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The "Inside Politics" Interview: Pat Buchanan

April 14, 1998

THIS IS A RUSH TRANSCRIPT. THIS COPY MAY NOT BE IN ITS FINAL FORM AND MAY BE UPDATED.

JUDY WOODRUFF, CNN ANCHOR: Now, a man who has plenty of experience with presidential challenges and politics: Pat Buchanan, former G.O.P. White House hopeful and co-host of CNN's "CROSSFIRE". He has a new book spelling out the evils of the global economy, among other things, and it's entitled "The Great Betrayal."

Pat Buchanan, thank you for being with us.

PAT BUCHANAN, HOST CROSSFIRE: Thank you, Judy.

WOODRUFF: "The Great Betrayal," this evil global economy. People look around and we're being told the economy's in great shape. Is there a disconnect here?

BUCHANAN: There is a disconnect. The American economy is in good shape and 40 percent of us in the stock market, it's in great shape. But there are American workers and middle class folks who haven't seen a real pay raise in 20 years, and they're the people whose factories jobs are being sold out in this economy, Judy.

Judy, I'll tell you, when you got people making t-shirts in Rayne, Louisiana, women working for six and eight bucks an hour and you force them to compete with women making 50 cents and hour in Honduras that's un-American and it's happening beneath this global economy or beneath this great surface American success story. Europe, they got unemployment 12 to 13 percent. Asia's in the tank. America is living right now off a bit of a bubble.

WOODRUFF: What do you say -- what do you argue in this book that should be done to make things better for these people?

BUCHANAN: Stop exporting American jobs. Stop exporting American factories, and stop exporting American sovereignty and independence to global institutions like the World Trade Organization. That basically is the argument, and I have a program on how to do it.

WOODRUFF: Now, you talk in here, among other things, a 15 percent tariff. Some people would say a Republican arguing for tariffs?

BUCHANAN: Judy, tariffs, protectionism was written into every Republican platform from 1880 to 1944, all the way from Lincoln to Theodore Roosevelt to the late 1940s. The Republican Party was a party of economic nationalism.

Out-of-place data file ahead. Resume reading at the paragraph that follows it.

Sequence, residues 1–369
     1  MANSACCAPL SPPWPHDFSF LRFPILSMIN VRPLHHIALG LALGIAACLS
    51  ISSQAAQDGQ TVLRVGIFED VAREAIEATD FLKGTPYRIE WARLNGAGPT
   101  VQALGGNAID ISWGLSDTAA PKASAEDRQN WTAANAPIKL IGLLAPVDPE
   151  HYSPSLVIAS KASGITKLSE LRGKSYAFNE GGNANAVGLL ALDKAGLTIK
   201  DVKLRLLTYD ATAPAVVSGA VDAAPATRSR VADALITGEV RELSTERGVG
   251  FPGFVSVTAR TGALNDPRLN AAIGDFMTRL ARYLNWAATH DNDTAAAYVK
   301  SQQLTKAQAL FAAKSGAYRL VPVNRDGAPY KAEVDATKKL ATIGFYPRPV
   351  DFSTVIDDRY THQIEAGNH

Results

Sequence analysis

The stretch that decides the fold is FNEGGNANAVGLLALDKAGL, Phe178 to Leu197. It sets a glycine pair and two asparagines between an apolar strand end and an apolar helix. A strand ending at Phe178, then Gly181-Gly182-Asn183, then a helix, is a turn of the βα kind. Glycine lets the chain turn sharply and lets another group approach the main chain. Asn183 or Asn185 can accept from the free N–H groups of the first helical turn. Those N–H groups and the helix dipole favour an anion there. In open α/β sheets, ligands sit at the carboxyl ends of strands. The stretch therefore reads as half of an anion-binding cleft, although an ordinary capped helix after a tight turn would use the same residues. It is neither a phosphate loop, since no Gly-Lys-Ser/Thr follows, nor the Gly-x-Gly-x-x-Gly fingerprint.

That's the party that built America into the greatest industrial empire that we've ever seen. Now, we got 53 percent imported manufacturers are equal to 53 percent of production in America. You can keep that up for a while. We are selling off the family estate, and we're having a high old time doing it.

WOODRUFF: I found some in getting ready for this interview, some very critical reviews of your book from some prominent conservatives. "The Weekly Standard," "The National Review." Bob Bartly (ph), who's the editorial page editor for "The Wall Street Journal," writes "before conservatives follow Pat Buchanan in jettisoning the free market they should look carefully at the others who are marching behind his banner." And he mentions John Sweeney of the AFL-CIO.

BUCHANAN: Well, there's nothing wrong with working people wanting to keep their jobs in the United States, Sweeney is right on there. Mr. Bartly is a bogus conservative. The folks at "National Review" and the folks at "The Weekly Standard" march under a conservative banner. Their passports are forged, Judy. They have embraced a free trade ideology that goes back to FDR, and Cordell Hull, and Woodrow Wilson to 19th century folks whom Spiro Agnew would have called radical liberals.

The American tradition of Washington, and Hamilton, and Madison, and Lincoln, and TR, and Pat Buchanan is of economic nationalism -- making America an independent, self-sufficient, sovereign forever country that's able to stand on its own feet. We are following the British example of global free trade and these fellas are in the vanguard.

WOODRUFF: But don't you feel odd being in a minority on the conservative side of the ledger?

BUCHANAN: Look, you mean a minority. How did we beat fast- track? When the whole establishment, including the "conservative establishment," Clinton and Newt and the rest were about for it? How did we beat it if we didn't have the people on our side. I was in a minority in 1991, but economic nationalism is the belief and conviction now of a majority, a plurality of Republicans at the grassroots level, and 80 percent of the members of the Democratic Party in the House.

What we need is a new party, frankly, which will represent America first and economic nationalism, because the elites of both parties right now are internationalists-globalists.

WOODRUFF: Two quick questions about the year 2,000. Does Senator John Ashcroft have the religious right sewed up now that he's Pat Robertson's endorsement?

BUCHANAN: No.

WOODRUFF: And second, is Pat Buchanan running in the year 2000?

BUCHANAN: Pat Buchanan is not running right now. He's on "CROSSFIRE" at 7:30 in the evening.

(LAUGHTER)

No, I haven't done anything to get into this thing. I'm not going to make any decisions until after November. I've got this book "The Great Betrayal" and coming up a book on foreign policy, a companion piece called "America First."

WOODRUFF: And we will want to talk to you when that comes out. Pat Buchanan -- but when you see these polls, like the ones that we just cited from Iowa, do they mean anything at this point?

BUCHANAN: They mean zip. Bob Dole had 55 percent in Iowa at this point and I had five percent and we came within three points of beating him. That's pretty much the frontier guys that you see, but I don't think it means a thing.

WOODRUFF: Pat Buchanan, "The Great Betrayal." Thank you very much for being with us.

BUCHANAN: Thank you.

WOODRUFF: Appreciate it.

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The "Inside Politics" Interview:
Pat Buchanan


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